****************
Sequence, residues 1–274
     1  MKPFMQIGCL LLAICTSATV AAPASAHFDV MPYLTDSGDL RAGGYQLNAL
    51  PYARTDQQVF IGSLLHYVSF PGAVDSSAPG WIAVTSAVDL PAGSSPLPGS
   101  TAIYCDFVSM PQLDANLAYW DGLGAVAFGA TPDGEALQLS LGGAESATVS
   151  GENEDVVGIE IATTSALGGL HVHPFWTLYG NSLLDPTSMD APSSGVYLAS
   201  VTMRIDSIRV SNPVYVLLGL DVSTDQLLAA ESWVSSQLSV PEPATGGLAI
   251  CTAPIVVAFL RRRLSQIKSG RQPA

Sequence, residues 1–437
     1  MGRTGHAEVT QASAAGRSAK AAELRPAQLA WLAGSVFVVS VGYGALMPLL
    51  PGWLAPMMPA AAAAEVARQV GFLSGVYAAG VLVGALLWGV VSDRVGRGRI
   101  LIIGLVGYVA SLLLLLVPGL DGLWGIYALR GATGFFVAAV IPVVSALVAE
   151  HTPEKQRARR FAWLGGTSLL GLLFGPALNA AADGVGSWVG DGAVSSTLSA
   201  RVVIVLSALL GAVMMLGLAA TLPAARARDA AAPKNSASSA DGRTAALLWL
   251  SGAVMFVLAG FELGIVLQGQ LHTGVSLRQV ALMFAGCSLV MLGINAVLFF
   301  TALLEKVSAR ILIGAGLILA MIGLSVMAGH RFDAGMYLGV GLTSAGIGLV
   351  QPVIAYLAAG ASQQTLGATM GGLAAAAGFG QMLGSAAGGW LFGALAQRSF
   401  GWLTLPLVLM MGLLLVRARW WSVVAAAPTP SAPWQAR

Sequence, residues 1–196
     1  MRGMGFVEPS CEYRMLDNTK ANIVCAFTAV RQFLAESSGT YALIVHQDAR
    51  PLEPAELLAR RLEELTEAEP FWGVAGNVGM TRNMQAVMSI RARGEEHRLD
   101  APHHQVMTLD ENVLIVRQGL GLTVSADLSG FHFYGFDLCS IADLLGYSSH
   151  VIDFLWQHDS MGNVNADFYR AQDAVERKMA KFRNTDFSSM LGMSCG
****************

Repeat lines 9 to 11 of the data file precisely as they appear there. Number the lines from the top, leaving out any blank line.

     1  MGRTGHAEVT QASAAGRSAK AAELRPAQLA WLAGSVFVVS VGYGALMPLL
    51  PGWLAPMMPA AAAAEVARQV GFLSGVYAAG VLVGALLWGV VSDRVGRGRI
   101  LIIGLVGYVA SLLLLLVPGL DGLWGIYALR GATGFFVAAV IPVVSALVAE